Review: Binti: The Complete Trilogy by Nnedi Okorafor (Binti #1-3)

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ARC received from the publisher (DAW) on Netgalley in exchange for an honest review.

I enjoyed this series of novellas immensely. I’ve had Binti on my TBR since 2016 and in a way, I’m glad I waited until now – even though this is my first read, they work far, far better as one book.

“I have to try and make it better,” I said. “I can’t just leave here.”

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Review: One of Us by Craig DiLouie

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Wow. I don’t even know how to approach reviewing this. It’s an exploration of “us vs. them” mentality through a SFF lens and, while well-written, in no way a pleasant read. I could only read it a few pages at a time before I had to put it down again. The petty, everyday evil, the worst aspects of humanity laid bare. It was almost too much. But. It felt powerful and important and viscerally realistic in its own brutally unflinching way. Necessary.

He learned what he was, what they were, and that monsters and men were not meant to exist in the same world. If your own mother hates you and drives you away, why should total strangers love you? From the beginning, the masters understood this fundamental truth. They created separate worlds, one for themselves, another for monsters. The system would not end when the mutagenic reached adulthood. The children would grow up to become free folk living in an invisible cage, with no rights or opportunities. Which meant no real freedom at all.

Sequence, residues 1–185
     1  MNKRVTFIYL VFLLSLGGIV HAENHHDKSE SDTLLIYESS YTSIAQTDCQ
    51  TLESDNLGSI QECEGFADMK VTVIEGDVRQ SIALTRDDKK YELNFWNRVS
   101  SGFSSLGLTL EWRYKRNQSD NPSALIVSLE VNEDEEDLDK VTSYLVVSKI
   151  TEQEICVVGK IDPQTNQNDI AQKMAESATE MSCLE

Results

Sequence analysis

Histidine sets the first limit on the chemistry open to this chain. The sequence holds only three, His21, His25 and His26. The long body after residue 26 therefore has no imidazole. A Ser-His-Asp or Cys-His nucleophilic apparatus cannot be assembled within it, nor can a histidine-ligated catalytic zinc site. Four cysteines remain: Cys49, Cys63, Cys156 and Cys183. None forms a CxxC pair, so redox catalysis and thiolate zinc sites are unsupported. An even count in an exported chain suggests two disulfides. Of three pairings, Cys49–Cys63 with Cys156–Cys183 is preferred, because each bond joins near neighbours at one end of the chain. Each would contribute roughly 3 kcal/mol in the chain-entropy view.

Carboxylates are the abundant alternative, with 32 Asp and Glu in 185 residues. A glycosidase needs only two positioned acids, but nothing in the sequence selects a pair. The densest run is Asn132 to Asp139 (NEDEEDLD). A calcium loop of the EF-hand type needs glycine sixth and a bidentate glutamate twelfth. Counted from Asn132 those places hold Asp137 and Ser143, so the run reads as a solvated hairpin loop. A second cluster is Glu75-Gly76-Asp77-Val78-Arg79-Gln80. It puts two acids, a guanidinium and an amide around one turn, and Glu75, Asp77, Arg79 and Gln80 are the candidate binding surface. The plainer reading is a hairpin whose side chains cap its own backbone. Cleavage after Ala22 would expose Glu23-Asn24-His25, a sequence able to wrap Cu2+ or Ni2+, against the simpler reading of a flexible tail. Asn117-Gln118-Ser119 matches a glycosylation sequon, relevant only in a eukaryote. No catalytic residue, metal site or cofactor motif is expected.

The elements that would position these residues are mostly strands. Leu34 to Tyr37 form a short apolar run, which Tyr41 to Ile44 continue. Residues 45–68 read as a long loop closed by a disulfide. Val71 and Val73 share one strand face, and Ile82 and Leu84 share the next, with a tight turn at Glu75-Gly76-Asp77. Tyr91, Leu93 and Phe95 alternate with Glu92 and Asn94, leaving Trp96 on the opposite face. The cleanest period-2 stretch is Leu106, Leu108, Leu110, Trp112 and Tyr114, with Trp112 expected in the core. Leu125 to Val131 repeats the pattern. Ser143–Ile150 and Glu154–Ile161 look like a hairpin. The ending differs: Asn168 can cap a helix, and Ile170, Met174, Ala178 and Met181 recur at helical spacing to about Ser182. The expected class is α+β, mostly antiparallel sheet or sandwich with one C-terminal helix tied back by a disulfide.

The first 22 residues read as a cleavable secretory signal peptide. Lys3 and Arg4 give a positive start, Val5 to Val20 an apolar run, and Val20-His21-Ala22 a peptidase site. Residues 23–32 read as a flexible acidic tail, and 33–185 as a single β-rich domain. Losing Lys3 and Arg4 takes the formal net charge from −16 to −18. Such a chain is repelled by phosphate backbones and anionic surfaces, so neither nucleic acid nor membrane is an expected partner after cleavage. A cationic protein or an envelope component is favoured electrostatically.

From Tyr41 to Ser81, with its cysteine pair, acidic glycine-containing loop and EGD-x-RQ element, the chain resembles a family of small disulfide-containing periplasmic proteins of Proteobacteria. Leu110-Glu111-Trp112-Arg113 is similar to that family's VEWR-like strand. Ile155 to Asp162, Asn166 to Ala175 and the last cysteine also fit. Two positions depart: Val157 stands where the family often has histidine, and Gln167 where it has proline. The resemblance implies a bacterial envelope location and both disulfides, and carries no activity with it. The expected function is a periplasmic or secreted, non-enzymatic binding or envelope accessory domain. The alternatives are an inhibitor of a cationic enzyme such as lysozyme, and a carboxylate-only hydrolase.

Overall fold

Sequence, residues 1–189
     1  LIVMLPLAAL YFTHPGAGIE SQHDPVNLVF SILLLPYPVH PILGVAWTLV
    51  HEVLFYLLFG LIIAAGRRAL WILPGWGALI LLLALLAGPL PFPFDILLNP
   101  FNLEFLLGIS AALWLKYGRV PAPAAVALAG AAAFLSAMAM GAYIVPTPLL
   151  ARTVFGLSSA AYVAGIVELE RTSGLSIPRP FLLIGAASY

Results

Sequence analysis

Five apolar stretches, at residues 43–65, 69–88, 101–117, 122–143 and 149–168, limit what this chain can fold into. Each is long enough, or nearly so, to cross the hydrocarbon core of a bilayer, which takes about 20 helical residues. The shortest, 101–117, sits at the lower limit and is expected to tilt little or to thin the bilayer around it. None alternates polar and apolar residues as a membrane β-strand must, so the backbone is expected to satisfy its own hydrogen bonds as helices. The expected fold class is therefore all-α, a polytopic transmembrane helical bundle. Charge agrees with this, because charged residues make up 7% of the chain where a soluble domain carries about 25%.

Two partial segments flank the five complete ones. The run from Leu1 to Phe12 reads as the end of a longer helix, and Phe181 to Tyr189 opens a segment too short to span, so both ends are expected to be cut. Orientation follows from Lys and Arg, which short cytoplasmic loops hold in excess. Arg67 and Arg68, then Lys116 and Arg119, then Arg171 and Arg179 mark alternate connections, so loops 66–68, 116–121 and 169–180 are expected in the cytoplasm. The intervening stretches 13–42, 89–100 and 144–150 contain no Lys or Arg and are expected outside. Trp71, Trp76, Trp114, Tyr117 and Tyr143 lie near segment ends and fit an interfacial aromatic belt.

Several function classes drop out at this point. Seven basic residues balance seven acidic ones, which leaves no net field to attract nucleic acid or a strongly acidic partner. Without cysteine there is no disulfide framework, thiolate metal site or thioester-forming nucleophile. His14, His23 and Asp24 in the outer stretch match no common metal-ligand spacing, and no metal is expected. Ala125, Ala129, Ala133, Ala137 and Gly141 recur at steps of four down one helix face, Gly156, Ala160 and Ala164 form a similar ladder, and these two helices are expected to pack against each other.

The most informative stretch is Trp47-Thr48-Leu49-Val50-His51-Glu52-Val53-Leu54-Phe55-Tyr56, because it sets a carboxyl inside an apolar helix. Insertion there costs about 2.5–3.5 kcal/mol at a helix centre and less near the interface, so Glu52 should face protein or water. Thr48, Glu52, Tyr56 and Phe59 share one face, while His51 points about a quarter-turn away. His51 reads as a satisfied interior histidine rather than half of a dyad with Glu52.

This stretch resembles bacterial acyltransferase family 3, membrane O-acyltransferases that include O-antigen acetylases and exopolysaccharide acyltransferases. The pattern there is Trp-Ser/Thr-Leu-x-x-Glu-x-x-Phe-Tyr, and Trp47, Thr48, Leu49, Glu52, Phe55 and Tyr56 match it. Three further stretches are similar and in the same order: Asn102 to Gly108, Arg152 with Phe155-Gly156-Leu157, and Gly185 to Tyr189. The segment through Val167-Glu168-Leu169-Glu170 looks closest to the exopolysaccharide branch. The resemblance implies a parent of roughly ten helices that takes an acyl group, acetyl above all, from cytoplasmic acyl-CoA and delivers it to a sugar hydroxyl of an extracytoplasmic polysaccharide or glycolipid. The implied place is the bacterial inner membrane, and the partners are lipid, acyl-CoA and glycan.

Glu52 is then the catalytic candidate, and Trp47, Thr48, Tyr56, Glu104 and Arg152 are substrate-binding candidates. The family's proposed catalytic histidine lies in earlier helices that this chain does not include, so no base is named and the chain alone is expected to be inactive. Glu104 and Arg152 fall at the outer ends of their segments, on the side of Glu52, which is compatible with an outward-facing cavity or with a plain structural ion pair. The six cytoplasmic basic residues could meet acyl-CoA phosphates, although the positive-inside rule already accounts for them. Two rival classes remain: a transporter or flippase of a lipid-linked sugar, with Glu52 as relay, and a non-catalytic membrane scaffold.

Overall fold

The basic premise is that a sexually-transmitted disease caused a generation of children to be born with pretty significant mutations. Abortion, safe sex education, discussions on rape, medical testing have become a necessity. The plague children have mostly been taken away at birth and shut into Homes, institutions where the employees are mostly ex-cons and other sorts of desperate people that shouldn’t be let near children. They are used for slave labour on farms. As the children become teenagers, they start developing superpowers and tensions are rising.

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Review: The Gray House by Mariam Petrosyan

the gray house.jpg

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As a rule, I prefer reviewing books that are brilliant but flawed, since usually they are the only ones that can’t be reduced to a couple of sentences. This is not one of those. Since I finished it, I’ve been gushing about it to everyone who’d listen. Seeking out fanart. Taking pauses and breaks, because just like its inhabitants I didn’t want to leave. It’s brilliant, it’s criminally underrated, and while I realise that it’s not for everyone, it’s probably the best book I’ve ever read.

The House demands a reverent attitude. A sense of mystery. Respect and awe. It can accept you or not, shower you with gifts or rob you of everything you have, immerse you in a fairy tale or a nightmare. Kill you, make you old, give you wings … It’s a powerful and fickle deity, and if there’s one thing it can’t stand, it’s being reduced to mere words.

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